Table 1 summarizes the results obtained with different multi-functional carboxylic acids as impregnation aids for dispersing the cobalt throughout a support. The examples were made with the rutile titania support, without any rhenium promoter. The key results are given in the last column, i.e., reference being made to the O/Co chemisorption data. The catalysts are grouped according to the length of the longest carbon chain in the organic acid. Example 1 demonstrates for comparative purposes a run made without use of any multi-functional carboxylic acid in the preparation. Examples 2-7 show minimal improvement when the catalysts are produced by dispersion of the cobalt with 3C multi-functional carboxylic acids. In Examples 8-14, on the other hand, wherein 4C to 6C multi-functional carboxylic acids were used in the preparations, higher relative dispersions were obtained. These acids give an O/Co over 0.4 compared to a value of less than 0.3 for the base case. From a list of the structures of the acids tested, the critical structural features of the preferred acids are shown to have a total carbon chain of at least four atoms, preferably 5 atoms. The multi-functional carboxylic acids, it is believed, improve cobalt dispersion by covering the titania surface with a thin "blanket" of the acid, which provides a trap for molten anhydrous cobalt nitrate as it is generated in the pores during the drying/calcination process. In the absence of something so polar to bind to, the cobalt salt probably coalesces into larger crystallites as it decomposes to the oxide. The preference for the longer chain length is especially significant; noting, e.g., how relatively ineffective a shorter chain is, like malonic acid. This longer chain, it is believed, does not chelate to a single species, but rather attaches itself to two entities, the cobalt on one end and the titania on the other. There appears no evidence of complexation between either glutamic or citric acid and the Co+2 in the starting solution by UV spectroscopy, though complexation may occur later as the mixture is heated and dried in the calcination process. This is fortunate because preformed complexes appear to be much less soluble, and hence would perform poorly in the very concentrated solutions as used herein.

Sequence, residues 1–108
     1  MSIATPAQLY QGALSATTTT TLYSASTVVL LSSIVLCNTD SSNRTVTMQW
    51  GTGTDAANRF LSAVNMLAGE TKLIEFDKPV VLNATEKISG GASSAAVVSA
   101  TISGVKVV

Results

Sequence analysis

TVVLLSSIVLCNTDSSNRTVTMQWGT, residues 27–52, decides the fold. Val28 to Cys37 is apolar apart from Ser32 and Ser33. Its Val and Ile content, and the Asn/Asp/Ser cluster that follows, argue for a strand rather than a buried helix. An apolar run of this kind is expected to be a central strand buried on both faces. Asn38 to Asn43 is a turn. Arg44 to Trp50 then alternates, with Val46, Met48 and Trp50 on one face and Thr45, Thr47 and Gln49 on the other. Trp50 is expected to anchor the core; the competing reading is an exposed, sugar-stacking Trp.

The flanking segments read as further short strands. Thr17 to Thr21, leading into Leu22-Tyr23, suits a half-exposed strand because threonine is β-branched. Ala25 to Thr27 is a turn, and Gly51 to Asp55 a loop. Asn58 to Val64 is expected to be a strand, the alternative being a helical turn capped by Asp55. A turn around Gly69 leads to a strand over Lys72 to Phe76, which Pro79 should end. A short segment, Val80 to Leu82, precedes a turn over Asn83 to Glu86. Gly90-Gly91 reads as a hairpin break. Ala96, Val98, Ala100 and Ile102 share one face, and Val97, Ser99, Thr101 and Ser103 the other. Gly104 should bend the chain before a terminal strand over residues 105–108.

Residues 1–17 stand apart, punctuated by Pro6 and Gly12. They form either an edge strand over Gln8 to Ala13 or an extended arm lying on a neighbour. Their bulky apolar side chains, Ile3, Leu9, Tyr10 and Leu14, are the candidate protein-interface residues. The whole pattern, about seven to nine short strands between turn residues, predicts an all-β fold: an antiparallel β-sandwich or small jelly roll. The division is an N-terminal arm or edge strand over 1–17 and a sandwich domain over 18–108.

The Cobalt Productivity values for Examples 1-14, it will be observed, fail to show a significant activity credit despite the improved cobalt dispersion. The problem lies in achieving full reduction of the improved dispersion; a problem solved by including a small amount of rhenium as reduction promotor as subsequently illustrated.
Comparison of Example 15 with Examples 16 and 17 illustrates that the dispersion advantage seen for the two best multi-functional carboxylic acids, glutamic acid and citric acid, is also present after a second impregnation is applied to achieve higher cobalt loading. As will be observed, the reducibility problem however is dampened somewhat by the higher metal loading (it is easier to reduce 12% Co than 7% Co), so an activity credit is observed to augment the dispersion credit. Example 16 represents a very active Re-free Co--TiO2 catalyst.